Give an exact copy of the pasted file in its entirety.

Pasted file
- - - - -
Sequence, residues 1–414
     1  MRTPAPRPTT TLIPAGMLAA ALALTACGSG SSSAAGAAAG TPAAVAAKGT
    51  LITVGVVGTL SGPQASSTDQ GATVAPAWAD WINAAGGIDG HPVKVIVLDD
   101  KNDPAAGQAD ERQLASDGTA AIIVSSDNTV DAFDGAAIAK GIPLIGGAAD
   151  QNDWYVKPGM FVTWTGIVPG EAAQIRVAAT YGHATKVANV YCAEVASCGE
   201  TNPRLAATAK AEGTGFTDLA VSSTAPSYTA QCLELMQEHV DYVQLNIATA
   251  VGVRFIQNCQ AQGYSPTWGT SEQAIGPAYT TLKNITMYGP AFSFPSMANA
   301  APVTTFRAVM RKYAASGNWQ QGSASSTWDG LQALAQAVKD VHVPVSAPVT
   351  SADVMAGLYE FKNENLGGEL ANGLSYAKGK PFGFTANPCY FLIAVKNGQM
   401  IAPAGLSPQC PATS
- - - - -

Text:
Sequence, residues 1–414
     1  MRTPAPRPTT TLIPAGMLAA ALALTACGSG SSSAAGAAAG TPAAVAAKGT
    51  LITVGVVGTL SGPQASSTDQ GATVAPAWAD WINAAGGIDG HPVKVIVLDD
   101  KNDPAAGQAD ERQLASDGTA AIIVSSDNTV DAFDGAAIAK GIPLIGGAAD
   151  QNDWYVKPGM FVTWTGIVPG EAAQIRVAAT YGHATKVANV YCAEVASCGE
   201  TNPRLAATAK AEGTGFTDLA VSSTAPSYTA QCLELMQEHV DYVQLNIATA
   251  VGVRFIQNCQ AQGYSPTWGT SEQAIGPAYT TLKNITMYGP AFSFPSMANA
   301  APVTTFRAVM RKYAASGNWQ QGSASSTWDG LQALAQAVKD VHVPVSAPVT
   351  SADVMAGLYE FKNENLGGEL ANGLSYAKGK PFGFTANPCY FLIAVKNGQM
   401  IAPAGLSPQC PATS